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Thursday, 5 May 1994
Page: 286

Senator McMULLAN (Minister for Trade) (9.51 a.m.) —We are not debating a new principle. We have been around this track several times before together with my views on the broad questions of principle involved. They are complex and Senator Campbell has referred to some of the elements in the balance. My comments are substantially on the Senate's record, and I will not take the Senate's time reiterating the broad questions of principle. I will go to the facts of the particular case before us and apply those principles as I have articulated them in the past.

  To facilitate the business of the Senate in dealing with this, I will table a letter addressed to me from the Minister for Administrative Services which, in essence, sets out his position on this matter and, in a sense, the brief on his behalf which I am arguing.

  The question is: how is it that the businesses in question—in this instance the Australian Construction Services, Asset Services and Interiors—can compete equally with the private sector, which we require them to do, and should require them to do, when they have to make information available to their competitors which their competitors do not have to provide to them? It is a step further along the track from that stage in the past where we said that the property leasing agency was at a disadvantage if it had to disclose its lease deals. That is a clearer example and that would have been the case in the earlier stages of consideration of these contracts.

  Now, essentially, although Australian Estate Management would not be happy about the details being disclosed, it has concluded its business in this matter, although it will have to do a lot of other business in Melbourne and in this building. We have gone past that now. It is now a question of the competitive advantage given to the competitors of ACS, Asset Services and Interiors. All of them are out there in the marketplace competing; all of them are finding it tough. That is the nature of the property market in Australia, particularly in Melbourne, and their competitors are finding it tough too.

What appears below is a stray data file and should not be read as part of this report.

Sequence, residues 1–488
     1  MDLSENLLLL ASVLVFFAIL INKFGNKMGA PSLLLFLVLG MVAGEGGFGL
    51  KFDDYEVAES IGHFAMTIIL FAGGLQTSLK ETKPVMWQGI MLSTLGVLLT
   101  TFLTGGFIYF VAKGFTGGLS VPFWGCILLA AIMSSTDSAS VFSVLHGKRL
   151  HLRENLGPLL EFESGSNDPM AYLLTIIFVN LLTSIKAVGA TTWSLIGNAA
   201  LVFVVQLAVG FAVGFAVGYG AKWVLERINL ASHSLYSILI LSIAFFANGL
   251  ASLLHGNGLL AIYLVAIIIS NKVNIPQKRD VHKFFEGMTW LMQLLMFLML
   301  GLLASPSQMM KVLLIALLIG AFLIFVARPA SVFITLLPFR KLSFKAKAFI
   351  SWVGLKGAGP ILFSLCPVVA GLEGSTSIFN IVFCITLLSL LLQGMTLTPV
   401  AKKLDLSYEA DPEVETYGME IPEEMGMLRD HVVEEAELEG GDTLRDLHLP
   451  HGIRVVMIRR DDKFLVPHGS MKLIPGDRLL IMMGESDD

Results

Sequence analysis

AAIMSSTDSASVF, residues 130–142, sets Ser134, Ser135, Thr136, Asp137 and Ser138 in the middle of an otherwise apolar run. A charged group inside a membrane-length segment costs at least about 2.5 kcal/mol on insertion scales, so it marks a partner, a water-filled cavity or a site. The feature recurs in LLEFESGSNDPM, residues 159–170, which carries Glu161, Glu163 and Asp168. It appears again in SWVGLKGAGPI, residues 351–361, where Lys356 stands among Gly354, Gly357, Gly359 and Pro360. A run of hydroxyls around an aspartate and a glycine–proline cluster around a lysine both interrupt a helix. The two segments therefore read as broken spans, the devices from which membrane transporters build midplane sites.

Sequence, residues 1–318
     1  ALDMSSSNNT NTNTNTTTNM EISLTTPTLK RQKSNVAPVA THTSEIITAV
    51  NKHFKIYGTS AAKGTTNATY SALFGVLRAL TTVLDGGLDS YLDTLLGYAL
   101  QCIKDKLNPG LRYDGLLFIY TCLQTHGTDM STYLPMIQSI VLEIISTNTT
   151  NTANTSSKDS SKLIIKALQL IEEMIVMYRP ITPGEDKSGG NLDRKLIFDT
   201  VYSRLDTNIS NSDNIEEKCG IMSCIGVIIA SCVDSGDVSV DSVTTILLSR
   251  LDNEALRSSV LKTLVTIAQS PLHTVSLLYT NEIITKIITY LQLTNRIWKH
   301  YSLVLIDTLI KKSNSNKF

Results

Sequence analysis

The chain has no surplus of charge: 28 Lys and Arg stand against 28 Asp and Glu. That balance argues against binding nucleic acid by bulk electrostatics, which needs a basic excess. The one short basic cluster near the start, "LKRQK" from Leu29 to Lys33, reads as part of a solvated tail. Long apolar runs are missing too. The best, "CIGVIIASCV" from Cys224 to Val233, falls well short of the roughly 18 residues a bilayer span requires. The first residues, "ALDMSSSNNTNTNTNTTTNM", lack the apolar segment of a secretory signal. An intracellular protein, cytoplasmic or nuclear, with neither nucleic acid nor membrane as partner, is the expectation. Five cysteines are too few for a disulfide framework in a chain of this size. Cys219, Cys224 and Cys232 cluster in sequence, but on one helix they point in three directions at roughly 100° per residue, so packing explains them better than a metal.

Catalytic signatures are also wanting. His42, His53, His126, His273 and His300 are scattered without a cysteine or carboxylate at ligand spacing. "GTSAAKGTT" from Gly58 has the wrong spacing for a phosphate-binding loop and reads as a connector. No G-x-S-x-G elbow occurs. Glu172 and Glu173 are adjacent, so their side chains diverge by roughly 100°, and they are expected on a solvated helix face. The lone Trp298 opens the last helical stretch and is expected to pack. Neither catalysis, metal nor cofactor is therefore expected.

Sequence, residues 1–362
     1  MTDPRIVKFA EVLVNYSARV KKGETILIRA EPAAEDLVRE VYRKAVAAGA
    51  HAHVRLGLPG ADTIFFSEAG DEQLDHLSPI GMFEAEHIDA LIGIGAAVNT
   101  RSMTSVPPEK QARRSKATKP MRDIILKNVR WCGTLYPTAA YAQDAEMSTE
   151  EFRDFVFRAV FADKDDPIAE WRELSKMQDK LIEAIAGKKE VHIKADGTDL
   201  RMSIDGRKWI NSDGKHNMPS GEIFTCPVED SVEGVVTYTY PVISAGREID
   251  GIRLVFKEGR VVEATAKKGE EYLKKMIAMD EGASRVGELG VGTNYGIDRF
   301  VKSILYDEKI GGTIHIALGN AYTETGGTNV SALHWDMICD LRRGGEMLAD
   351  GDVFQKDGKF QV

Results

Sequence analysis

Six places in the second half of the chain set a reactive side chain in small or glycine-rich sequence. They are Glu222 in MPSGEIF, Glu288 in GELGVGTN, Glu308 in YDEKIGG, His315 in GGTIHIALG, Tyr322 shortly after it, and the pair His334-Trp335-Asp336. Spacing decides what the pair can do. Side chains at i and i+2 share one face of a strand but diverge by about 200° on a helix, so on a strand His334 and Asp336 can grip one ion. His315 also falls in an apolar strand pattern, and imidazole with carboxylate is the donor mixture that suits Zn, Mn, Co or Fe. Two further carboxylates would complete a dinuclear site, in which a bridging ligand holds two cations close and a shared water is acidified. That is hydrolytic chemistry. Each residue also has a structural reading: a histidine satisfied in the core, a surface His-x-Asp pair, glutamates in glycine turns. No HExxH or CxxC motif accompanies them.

The minister continues strongly to take the view that it is contrary to the public interest to reveal commercial-in-confidence information with regard to DAS businesses, and he is strongly of the view that he should not provide such information to the Senate. He also acknowledges the legitimate interest of senators, and it is a difficult balance to strike. He has said in the letter which I will table later:

However, I can say in this particular case that the rents were determined on a market related basis without commercial incentives.

I think that is an important matter to put on the record. One of the concerns is: is there a particular incentive package? Without going into the details of what the outcome was, the answer is no, there was not on this occasion. I understand that people want to know that, and that is the answer.

  As senators will see reflected in the letter, the minister stated that if Senator Campbell would like some information on the range of rents and the average outgoings being paid by these businesses, the minister would be happy to furnish this information to him on his undertaking to respect the confidentiality of the information. The minister further states that he understands Senator Campbell's real agenda—not in any way a hidden agenda—is to look at whether the property adjustment program has been properly applied. The minister would be happy to discuss this matter with Senator Campbell as soon as Senator Campbell wants to approach him about it. The minister is open to further discussion.

  The principles have been well argued here. The Senate has to balance its legitimate desire to have information about commercial activities of government owned businesses with the legitimate desire of those businesses, the government, and the parliament to ensure that those businesses have a reasonable opportunity effectively to compete in the marketplace without being disadvantaged by more onerous disclosure requirements than are reasonable. They will always have more disclosure requirements than a private sector competitor; that will always be the case. But we have to balance how far we push that extra disclosure requirement. I believe that we are pushing it a step further than the reasonable balance would suggest.

  Therefore, we will be voting against the motion, and I hope the Senate votes against it. Whatever the outcome, we will not be dividing on this occasion. Our opposition is sufficiently clear and we do not need to reinforce it by division. I table the letter from the Minister for Administrative Services to which I have referred.